Monday, October 22, 2018

Agile Exposes the Bad Boss

A bad boss is just toxic.
I was getting on an elevator at the office and I decided to make small talk with someone as we were heading up to our respective floors.

“Ready to set the global economy on fire,“ I joked.

My fellow traveler got a gleam in their eye and said, “The flames are so colorful.”

I got off on my floor and breathed a sigh of relief.  The metaphorical pyromaniac was too eager to be pulling my leg.  The experience brought into stark contrast how tired many of us have become in the business world. The daily frustrations of working in a modern office force many professionals into the cynical behavior of inflicting harm on others as a means of satisfaction.  It is perverse, and it is wrong. The cynicism in the elevator is one of the reasons I have been such an enthusiastic proponent of agile.  I firmly believe there must be a better way to structure work so that it is sustainable, sane, and satisfying.

Inc. Magazine and pointed out this week that 76% of bosses in business are “toxic.”  This toxic leadership is why so many people rely on jaded cynicism.  It is crucial as an agile coach and scrum master to break this cycle of toxicity.  According to the article in Inc. magazine, a toxic boss exhibits some or all of the following traits.

  1. They are power-hungry
  2. They micromanager
  3. They are absent
  4. They are incompetent
It is up to people like me to expose these bosses to the organization and coach them to be better.

The Power Hungry

Working for a power-hungry boss is a little like being a supporting cast member in Game of Thrones; you are going to wind up suffering a cruel ending to satisfy someone else’s ambition.  It surprises me how many business leaders think servant leadership is similar to the game “Masters and servants.”  The reality of servant leadership is much different.  In the end, what everyone needs to understand is a power-hungry boss is concerned about one thing; themselves.  A power-hungry boss will put personal interest over the needs of the company and employees.  Agile exposes the power-hungry because they often become impediments to shipping solutions.

The Micromanager

The hardest part of leadership is the lack of control we have over our fellow humans.  A leader can spend years training people to do the right thing and meet a certain performance level, and they can still disappoint at critical junctures.  To combat this helplessness, managers create processes and steps which they expect people to obey like robots.  It creates an illusion of control where employees do what they can to avoid hassle rather than what is necessary to succeed.  Thus, reports have perfect typography and proper tab spacing, but the data within that report shows lead conversion is falling.  The emphasis on working solutions instead of comprehensive documentation in agile should expose micromanagers.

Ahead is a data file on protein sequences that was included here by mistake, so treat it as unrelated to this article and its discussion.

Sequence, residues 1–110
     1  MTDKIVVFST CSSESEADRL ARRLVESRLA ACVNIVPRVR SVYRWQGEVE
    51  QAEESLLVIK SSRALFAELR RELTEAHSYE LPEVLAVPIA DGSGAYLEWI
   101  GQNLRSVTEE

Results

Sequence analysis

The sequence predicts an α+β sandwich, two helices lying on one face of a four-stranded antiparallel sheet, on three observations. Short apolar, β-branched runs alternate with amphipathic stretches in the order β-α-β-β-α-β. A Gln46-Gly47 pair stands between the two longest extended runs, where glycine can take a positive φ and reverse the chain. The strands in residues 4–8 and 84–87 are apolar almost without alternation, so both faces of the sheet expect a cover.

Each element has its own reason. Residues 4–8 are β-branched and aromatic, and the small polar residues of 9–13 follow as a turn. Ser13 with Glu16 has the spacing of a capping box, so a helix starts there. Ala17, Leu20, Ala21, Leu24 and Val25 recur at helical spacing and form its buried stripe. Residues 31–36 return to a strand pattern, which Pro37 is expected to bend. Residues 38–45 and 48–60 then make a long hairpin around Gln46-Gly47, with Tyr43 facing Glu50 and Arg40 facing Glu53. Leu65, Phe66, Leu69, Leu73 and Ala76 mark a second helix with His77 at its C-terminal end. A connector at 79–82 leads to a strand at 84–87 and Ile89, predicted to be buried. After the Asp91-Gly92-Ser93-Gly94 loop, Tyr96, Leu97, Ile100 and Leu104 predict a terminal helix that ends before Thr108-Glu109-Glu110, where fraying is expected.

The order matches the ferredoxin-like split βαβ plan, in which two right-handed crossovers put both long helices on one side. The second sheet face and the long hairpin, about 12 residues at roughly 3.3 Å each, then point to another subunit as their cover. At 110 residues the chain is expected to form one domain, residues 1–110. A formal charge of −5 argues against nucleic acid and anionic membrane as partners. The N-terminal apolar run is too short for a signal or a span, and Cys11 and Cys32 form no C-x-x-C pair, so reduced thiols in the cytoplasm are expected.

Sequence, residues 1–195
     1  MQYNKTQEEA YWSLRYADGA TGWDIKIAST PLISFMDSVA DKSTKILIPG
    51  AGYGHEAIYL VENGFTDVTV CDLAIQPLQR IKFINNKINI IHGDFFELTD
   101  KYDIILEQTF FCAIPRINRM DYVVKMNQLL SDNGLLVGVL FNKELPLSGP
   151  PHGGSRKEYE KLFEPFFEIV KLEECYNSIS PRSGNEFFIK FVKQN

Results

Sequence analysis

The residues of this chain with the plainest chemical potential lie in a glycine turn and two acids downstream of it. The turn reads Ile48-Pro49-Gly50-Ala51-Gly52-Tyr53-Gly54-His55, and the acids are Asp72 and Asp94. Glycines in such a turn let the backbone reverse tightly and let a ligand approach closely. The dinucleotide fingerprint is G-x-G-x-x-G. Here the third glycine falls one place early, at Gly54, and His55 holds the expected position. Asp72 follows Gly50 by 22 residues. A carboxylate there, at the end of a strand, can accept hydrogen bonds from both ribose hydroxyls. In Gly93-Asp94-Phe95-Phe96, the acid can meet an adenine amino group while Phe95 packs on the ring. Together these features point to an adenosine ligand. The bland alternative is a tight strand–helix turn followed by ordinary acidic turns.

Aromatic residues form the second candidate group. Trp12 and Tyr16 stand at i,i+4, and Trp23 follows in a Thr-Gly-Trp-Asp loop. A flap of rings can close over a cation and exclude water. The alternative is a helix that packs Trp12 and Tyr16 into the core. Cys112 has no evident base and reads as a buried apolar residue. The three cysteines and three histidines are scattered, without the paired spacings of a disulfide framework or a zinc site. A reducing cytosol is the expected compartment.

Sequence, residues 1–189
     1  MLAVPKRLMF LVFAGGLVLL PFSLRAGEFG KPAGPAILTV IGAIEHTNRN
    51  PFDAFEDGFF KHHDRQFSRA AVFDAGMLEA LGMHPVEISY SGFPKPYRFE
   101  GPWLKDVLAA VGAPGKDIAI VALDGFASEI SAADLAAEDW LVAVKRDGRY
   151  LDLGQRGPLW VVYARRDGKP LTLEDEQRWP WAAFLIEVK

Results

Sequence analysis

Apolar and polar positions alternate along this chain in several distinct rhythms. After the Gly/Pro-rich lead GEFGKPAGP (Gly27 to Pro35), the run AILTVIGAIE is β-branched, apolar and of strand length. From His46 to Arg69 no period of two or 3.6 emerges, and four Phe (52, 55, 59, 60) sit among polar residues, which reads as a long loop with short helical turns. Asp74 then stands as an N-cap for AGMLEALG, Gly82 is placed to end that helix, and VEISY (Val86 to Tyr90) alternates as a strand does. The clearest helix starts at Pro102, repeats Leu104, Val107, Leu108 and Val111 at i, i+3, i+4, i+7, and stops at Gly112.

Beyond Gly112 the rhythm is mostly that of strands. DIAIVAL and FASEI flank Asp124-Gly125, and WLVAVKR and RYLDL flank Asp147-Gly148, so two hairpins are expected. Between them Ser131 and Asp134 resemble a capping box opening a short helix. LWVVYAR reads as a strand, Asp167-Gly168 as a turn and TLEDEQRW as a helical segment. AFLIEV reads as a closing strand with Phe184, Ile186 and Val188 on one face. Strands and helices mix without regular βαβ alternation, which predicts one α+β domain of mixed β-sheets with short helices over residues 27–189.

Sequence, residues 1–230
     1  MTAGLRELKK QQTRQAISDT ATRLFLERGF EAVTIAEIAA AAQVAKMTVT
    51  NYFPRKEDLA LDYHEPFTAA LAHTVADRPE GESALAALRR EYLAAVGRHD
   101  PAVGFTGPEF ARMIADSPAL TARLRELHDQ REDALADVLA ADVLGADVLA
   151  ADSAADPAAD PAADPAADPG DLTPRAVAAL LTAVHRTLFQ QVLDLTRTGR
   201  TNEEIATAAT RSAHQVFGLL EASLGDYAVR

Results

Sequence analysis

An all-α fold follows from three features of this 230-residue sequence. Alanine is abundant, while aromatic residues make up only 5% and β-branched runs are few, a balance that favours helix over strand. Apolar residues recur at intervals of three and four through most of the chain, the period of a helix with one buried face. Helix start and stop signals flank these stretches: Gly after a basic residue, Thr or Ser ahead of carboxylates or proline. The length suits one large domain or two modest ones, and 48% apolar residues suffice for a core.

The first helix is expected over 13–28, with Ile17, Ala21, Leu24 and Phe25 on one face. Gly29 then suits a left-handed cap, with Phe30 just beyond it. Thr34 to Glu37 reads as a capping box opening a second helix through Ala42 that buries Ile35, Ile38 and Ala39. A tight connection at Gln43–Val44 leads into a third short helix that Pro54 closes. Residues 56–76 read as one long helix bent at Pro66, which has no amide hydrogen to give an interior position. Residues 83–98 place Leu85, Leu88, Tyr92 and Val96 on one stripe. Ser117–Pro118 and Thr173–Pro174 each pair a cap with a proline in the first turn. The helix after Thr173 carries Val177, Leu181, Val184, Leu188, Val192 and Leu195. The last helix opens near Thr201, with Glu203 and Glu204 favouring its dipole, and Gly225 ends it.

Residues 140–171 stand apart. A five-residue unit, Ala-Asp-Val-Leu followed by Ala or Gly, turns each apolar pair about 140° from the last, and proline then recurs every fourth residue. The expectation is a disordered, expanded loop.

The Absent

Over the years, we tell countless stories about military leaders who “lead from the front,” instead of from behind a desk.  I am currently reading one about William Slim who commanded the 14th Army of Burma during the Second World War.  It is easy to get caught up in the trappings of authority.  In an office of cubicles, having your office is a status symbol.  It gives you the power to shut people out and focus on administrative duties.  The autonomy and control over who has access is a powerful motivation for people to advance into leadership.  In reality, a leader has to be more visible to the people they are leading.  A leader should know about the people who make them successful.  If the leader is not around and they become distant figure the people who make them successful will ignore them in time of crisis.  Agile attempts to counter this kind of toxicity with its emphasis on face to face communication.

The Incompetent Leader

A leader should not be able to do your job, but at the very least they should understand what it takes to do your job.  What I have discovered over the years is people who have never managed a computer network or written a line of code often lead technology teams.  These people know how to manipulate budgets and control the project, but they do not know how to direct technology professionals because they think they are no different than shipping clerks or factory workers.  Agile with its emphasis on cross-functional teams and delivery exposes the incompetent.

I am a big believer in the idea that you should tell and expose the truth wherever you find it.  Sooner or later, someone in a position of authority is going to act on that truth.  I feel this way because it is how we defeated leaded gasoline and paint.  It is how we have reduced smoking in the United States by half since 1964.  It is an approach which led to the birth of agile.

If we are honest with ourselves, we should acknowledge the power-hungry, micromanagers, the absent, and incompetent and expose them so their toxic effect on the workplace can be mitigated.  It matters, and if we are not successful, all we can do is watch the pretty colors as the world burns.

Until next time.

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